What brought this segment to mind was an August 19, 2011, commentary by David Virtue on his Web site VirtueOnline: The Voice for Global Orthodox Anglicanism.
Virtue begins by calling Episcopal Church clergy “inept” and charging that “the church has turned its back on its historical traditions.” He calls two bishops “extreme revisionist traitors” and describes “liberalism and revisionism” as becoming “disloyal and and [sic] damaging … to the Christian faith.” He speaks of “the deep hatred that Episcopal liberals and revisionists now have for orthodox.”
Virtue then unleashes a completely unnecessary personal attack on my own bishop, referring to Ken Price as “the allegedly meek and mild milquetoast pudgy rump provisional Bishop of Pittsburgh.”
Of course, the ironically named David Virtue does not assert that the “orthodox Anglicans” to which he gives voice are mild-mannered, righteous, and godly people, but, like the mean-spirited political conservatives exposed on The Daily Show, he deserves to be characterized, in Jon Stewart’s words, as disingenuous and un-self-aware.
Having established that Episcopalians are bad people, Virtue gets down to what I assume is the point of the essay, namely, criticizing the way the Episcopal Diocese of Pittsburgh is negotiating with congregations that left the diocese and took parish property with them. What he says is riddled with errors.
Virtue asserts, “To date, one parish has settled and one has walked away.” In fact, two congregations have settled, and the one that “walked away” effectively settled in so doing. He then goes on to say, “A judge has ordered the Pittsburgh ACNA and the TEC Diocese of Pittsburgh to deal directly with each other and work something out.” This is completely false. Judge Joseph James has upheld the stipulation agreed to by the Bishop Bob Duncan. The ACNA diocese has no standing in the negotiations over parish property, which is between representatives of the individual congregations and the Episcopal diocese headed by Bishop Price. Archbishop Duncan might wish to insert himself into these negotiations, but he has no basis on which to do so. Accusing Bishop Price of implementing a “divide and conquer approach” is so much sour grapes.
What Virtue is most upset about, it would seem, is the prospect of agreements that allow a congregation to retain—which probably means buy, rent, or lease—its property only if it disaffiliates from ACNA. Thus far, only St. Philip’s, Moon Township, has negotiated such an agreement, and it apparently did so without undue psychological distress. Because negotiations have been very secretive, I do not know if the diocese intends to link property retention with disaffiliation across-the-board. I would assume, however, that this is a decision the Episcopal negotiators will address on a case-by-case basis. There would seem to be no reason to link retention and disaffiliation in a case where, for example, the building is in poor shape or is badly located. (Arguably, many churches of the formerly united diocese are badly located.)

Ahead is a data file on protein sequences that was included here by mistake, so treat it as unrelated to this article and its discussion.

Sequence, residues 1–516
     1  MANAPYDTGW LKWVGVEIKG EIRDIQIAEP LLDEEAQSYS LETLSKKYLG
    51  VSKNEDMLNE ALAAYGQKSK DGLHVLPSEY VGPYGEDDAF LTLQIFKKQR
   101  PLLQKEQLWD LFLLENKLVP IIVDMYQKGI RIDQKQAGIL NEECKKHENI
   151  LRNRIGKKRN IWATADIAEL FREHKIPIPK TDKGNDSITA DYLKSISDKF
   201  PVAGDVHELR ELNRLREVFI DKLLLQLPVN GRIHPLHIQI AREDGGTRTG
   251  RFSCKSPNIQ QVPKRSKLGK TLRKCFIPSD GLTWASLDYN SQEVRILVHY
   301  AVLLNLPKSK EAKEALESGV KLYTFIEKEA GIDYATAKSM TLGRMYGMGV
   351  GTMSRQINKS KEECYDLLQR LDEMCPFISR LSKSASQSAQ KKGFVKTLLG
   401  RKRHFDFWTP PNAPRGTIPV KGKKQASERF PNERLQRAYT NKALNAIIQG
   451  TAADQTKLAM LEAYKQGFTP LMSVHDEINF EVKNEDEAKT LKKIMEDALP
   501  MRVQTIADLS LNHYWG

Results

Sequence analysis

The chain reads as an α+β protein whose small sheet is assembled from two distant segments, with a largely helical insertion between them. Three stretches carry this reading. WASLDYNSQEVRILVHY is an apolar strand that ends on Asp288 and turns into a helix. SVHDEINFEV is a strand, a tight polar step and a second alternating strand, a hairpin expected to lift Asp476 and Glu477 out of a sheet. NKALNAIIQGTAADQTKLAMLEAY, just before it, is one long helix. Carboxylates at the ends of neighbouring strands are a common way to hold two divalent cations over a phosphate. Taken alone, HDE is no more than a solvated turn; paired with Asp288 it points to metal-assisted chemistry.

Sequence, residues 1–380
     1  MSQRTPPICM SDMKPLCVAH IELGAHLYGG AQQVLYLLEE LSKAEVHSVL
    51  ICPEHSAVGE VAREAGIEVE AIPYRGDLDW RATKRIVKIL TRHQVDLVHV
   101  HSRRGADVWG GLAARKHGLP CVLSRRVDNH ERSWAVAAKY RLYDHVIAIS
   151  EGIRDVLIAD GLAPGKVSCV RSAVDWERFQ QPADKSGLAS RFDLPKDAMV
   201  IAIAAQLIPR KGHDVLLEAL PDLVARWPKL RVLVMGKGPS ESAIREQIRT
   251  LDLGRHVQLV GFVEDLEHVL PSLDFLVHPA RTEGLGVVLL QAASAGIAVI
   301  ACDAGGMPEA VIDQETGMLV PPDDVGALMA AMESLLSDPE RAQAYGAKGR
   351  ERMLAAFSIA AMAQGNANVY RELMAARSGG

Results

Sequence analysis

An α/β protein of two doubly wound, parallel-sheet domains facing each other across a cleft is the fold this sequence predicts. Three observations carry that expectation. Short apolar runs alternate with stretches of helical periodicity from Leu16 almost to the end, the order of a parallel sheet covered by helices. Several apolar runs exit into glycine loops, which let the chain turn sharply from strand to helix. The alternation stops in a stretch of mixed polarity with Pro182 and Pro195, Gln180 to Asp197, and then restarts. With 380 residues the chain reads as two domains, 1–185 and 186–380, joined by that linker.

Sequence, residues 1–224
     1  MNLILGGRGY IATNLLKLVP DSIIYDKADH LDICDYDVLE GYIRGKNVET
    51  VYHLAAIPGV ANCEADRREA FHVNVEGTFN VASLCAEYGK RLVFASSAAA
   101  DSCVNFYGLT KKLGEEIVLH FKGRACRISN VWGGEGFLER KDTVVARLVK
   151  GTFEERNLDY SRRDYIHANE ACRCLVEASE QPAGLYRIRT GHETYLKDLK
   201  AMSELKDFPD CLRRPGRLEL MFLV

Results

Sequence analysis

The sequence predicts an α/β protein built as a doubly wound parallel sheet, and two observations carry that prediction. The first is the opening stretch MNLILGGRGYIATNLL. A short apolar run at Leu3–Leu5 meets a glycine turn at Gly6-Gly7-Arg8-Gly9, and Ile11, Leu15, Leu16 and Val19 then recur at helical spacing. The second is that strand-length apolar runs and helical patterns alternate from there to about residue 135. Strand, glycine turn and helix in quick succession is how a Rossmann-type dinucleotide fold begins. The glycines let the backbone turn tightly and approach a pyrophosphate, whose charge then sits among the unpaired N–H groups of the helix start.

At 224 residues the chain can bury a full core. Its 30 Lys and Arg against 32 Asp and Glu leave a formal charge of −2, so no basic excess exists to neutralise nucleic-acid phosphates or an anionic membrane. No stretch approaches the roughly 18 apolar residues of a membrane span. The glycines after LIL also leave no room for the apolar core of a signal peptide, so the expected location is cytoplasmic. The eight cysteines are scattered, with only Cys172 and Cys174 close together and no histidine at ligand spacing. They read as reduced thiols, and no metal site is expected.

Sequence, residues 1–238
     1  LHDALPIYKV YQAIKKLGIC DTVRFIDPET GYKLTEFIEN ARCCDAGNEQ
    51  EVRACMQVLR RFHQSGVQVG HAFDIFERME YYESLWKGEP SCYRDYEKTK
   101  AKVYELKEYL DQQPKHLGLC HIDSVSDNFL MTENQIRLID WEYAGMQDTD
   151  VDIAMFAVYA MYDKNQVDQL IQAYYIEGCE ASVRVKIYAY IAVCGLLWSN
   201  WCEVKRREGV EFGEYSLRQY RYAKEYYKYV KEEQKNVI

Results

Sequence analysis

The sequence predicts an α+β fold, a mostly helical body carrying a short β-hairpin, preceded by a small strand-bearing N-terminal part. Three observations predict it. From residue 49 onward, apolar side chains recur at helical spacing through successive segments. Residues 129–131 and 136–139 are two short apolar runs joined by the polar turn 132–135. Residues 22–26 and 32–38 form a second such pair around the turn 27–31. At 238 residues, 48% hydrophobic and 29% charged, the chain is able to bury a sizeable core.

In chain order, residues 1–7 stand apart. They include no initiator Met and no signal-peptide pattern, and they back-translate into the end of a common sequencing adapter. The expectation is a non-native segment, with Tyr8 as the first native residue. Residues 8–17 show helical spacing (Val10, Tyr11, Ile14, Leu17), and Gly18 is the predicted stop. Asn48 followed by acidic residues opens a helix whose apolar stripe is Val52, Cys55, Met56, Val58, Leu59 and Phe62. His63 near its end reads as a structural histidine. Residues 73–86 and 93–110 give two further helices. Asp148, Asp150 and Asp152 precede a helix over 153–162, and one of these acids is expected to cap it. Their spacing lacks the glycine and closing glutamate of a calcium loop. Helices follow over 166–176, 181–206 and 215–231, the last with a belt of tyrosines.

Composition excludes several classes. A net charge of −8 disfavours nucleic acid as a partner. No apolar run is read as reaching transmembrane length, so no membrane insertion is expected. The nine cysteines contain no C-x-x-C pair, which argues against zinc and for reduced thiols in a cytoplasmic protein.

Although I have every reason to believe that the presiding bishop is not dictating the diocese’s negotiating strategy—Virtue believes that she is— Katharine Jefferts Schori made a strong case for linkage when she answered questions from the floor at Trinity Cathedral on April 19, 2011. She spoke of the need to be good stewards of church assets and observed, “We can’t sell to an organization that wants to put us out of business.” I believe that statement is actually a bit stronger than the official position of the diocese, but perhaps not by much.
I spoke the other day to one of the conservative priests who stayed with The Episcopal Church. The priest indicated that not all of the conservative priests of the diocese are in quite the same place regarding property negotiation, but that there is little sympathy for simply giving away property, whether literally or virtually. What those in the ACNA diocese seem not to understand, I was told, is that theology is a matter apart from the property issue. Conservatives in the Episcopal diocese are not in favor of giving away property simply because they agree theologically with many former colleagues in the Anglican diocese.
Virtue concludes his essay by calling Bishop Price “Hardball Harry” and saying, “You gotta figure that the telephone wires between 815 2nd avenue (TEC’s HQ) and downtown Pittsburgh have been running hot all week. Can one see the sticky fingers of Katharine Jefferts Schori all over this one?” In fact, the diocesan offices are no longer in downtown Pittsburgh, and no, you can’t.